Car production for export is boosting the UK economy

This morning has brought us a barrage of news on the UK economy and no I do not mean the apparent progress on the negotiations with the European Union. Though even if we dodge the politics it is nice to see a better phase for the UK Pound £ with it rising to above US $1.34 and 1.14 to the Euro as well as above 153 Yen. The barrage came as it is one of the theme days at the Office for National Statistics giving us an outpouring of data on the UK economy.

Let us start with a nod to my subject of Wednesday which was the automotive or car sector.

In October 2017, car production grew by 4.6% compared with September 2017 to match the record index level reached in July 2017.

If we look into the detail we see this.

Motor vehicles, trailers and semi-trailers provided a similar contribution and rose by 6.3%. An increase in export turnover of 20.7% was reported by this sub-industry compared with October 2016;

This further reinforces the view that UK car production is mostly for export as otherwise the rise in production of 4.6% in October would look very odd with the fall in registrations of 11.2% on a year on year basis. Here is the data in chart form.

A little care is needed as this is a value or turnover index and not volume so it is a little inflated but not I would suspect a lot. With the same caveat it is in fact a record.

 Within the MBS production industries dataset, the value of exports for the motor vehicle, trailers and semi-trailers were at a record level in October 2017, exceeding £4 billion for the first time.

Of course single monthly data can be misleading but the news remains good if we look further back for more perspective.

Within this sector, transport equipment provided the largest contribution, rising by 2.5%, due mainly to an increase of 3.2% in motor vehicles, trailers and semi-trailers following an increase of 4.2% in the three months to September 2017. The index level for motor vehicles, trailers and semi-trailers averaged 107.1 in the three months to October 2017 due to a strong increase in exports during October 2017, compared with 103.8 in the three months to July 2017, due mainly to a weak June 2017.

If we look further back we see that vehicle production was blitzed by the credit crunch falling from 95.1 in August 2007 where  2015 = 100 to a chilling 45.6 in February 2009. It is no coincidence that the Bank of England introduced QE then when you look at that icy cold plummet. We did not reach the levels of the summer of 2007 until the spring of 2014 which makes one think. Over that period there was scope for plenty of what might come under the category of “tractor production is increasing” but it is also true that there were nearly seven lost years. Since then we have done well with both exports and home sales rising but the latter has been a smaller influence which is fortunate as it is now over!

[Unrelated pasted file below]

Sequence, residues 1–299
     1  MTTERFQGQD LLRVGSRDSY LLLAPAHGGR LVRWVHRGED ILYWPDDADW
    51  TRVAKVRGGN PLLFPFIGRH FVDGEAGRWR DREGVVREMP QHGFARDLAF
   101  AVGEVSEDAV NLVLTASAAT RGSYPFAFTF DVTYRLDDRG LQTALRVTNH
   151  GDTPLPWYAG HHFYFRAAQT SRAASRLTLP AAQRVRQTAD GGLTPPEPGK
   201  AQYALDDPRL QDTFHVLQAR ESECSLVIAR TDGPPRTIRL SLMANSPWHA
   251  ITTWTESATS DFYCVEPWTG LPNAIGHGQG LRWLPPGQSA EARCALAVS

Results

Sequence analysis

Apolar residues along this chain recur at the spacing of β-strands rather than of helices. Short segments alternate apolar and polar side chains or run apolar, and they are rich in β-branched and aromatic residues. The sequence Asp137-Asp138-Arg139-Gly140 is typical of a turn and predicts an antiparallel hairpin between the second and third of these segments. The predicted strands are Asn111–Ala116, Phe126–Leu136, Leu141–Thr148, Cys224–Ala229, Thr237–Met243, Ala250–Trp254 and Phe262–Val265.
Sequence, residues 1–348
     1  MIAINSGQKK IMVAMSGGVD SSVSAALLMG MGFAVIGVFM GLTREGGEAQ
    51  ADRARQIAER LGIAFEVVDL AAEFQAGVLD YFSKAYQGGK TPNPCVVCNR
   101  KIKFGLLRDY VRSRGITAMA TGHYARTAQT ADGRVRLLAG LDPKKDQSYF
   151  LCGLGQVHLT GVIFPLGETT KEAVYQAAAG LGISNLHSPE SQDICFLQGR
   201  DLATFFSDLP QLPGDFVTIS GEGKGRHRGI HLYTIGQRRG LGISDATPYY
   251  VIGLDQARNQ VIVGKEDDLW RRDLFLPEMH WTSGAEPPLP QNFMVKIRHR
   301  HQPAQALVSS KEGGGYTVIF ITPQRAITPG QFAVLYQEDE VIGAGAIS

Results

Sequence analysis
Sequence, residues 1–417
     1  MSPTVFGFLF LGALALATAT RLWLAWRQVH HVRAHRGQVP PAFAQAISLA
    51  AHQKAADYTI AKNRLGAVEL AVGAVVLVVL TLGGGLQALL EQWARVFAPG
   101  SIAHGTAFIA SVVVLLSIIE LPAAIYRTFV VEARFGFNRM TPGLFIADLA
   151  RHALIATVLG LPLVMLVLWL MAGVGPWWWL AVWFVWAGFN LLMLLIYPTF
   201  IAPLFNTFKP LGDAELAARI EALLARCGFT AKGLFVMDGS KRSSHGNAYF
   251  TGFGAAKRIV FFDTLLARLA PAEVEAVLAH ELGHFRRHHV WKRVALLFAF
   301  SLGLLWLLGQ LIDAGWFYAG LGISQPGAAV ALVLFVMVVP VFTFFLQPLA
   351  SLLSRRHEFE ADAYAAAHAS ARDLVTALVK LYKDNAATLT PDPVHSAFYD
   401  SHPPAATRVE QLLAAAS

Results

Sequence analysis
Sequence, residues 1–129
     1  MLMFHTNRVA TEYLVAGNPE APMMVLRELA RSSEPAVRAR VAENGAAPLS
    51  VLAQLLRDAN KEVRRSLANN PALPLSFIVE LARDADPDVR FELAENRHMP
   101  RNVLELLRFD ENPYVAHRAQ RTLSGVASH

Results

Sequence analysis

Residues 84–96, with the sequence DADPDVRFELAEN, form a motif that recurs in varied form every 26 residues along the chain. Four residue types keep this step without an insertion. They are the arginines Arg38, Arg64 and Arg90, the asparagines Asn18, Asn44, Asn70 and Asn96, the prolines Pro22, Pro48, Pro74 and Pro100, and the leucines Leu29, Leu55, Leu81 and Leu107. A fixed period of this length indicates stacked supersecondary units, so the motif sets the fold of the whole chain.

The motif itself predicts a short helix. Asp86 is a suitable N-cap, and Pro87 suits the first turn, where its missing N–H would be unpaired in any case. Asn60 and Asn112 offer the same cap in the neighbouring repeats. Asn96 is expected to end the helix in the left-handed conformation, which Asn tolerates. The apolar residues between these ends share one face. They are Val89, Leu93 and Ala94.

Over the years and decades I have followed the UK economy it is not that often one can say or type that the economy is being helped by strong car production and exports.

Manufacturing

This is also having a good phase.

The largest upward contribution came from manufacturing, which increased by 3.9%. There was broad-based strength throughout the sector, with 11 of the 13 sub-sectors increasing.

So there was a strong increase on a year ago and as well as the car sector we have already looked at we seem to have ambitions for what in the end will be the largest market of all.

Within this sub-sector, air and spacecraft and related machinery increased by 11.5%, continuing the prolonged month-on-same-month a year ago strength for this sub-industry since November 2014.

Not quite the “space aliens” that Paul Krugman once opined we needed but we seem to be doing well in the more mundane business of satellites and the like.

Just for clarity the pharmaceutical industry seems to be growing modestly as opposed to the yo-yo movements we did see and the overall picture still could do with some improvement.

manufacturing output has risen but remain below its level reached in the pre-downturn gross domestic product (GDP) peak in Quarter 1 (Jan to Mar) 2008, by 2.1% respectively in the three months to October 2017.

At least we are getting there.

Trade

Some might say that the better vehicle export data might take us from our desert of deficits in this area into an oasis. But maybe we will have to live forever to see that.

When erratic commodities are excluded, the value of the total UK trade deficit widened by £0.8 billion to £6.9 billion in the three months to October 2017.

 

We did export more but in a familiar pattern we imported at an even faster rate.

The widening excluding erratic commodities was due primarily to trade in goods imports increasing 2.9% (£3.3 billion) to £116.5 billion, which was offset slightly by a 0.5% (£0.2 billion) decrease in trade in services imports. Although trade in goods exports increased 1.7% (£1.4 billion) to £81.7 billion, the increase in imports was larger, therefore the total trade deficit excluding erratic commodities widened.

 

However if we switch to volumes maybe there is a little by little improvement.

Total goods export volumes increased 3.2% in the three months to October 2017, which was the fourth consecutive and largest increase since January 2017. Import volumes increased 0.5% over the same period.

 

Production

This was driven higher by the manufacturing data.

In the three months to October 2017, the Index of Production was estimated to have increased by 1.2% compared with the three months to July 2017…….Total production output for October 2017 compared with October 2016 increased by 3.6%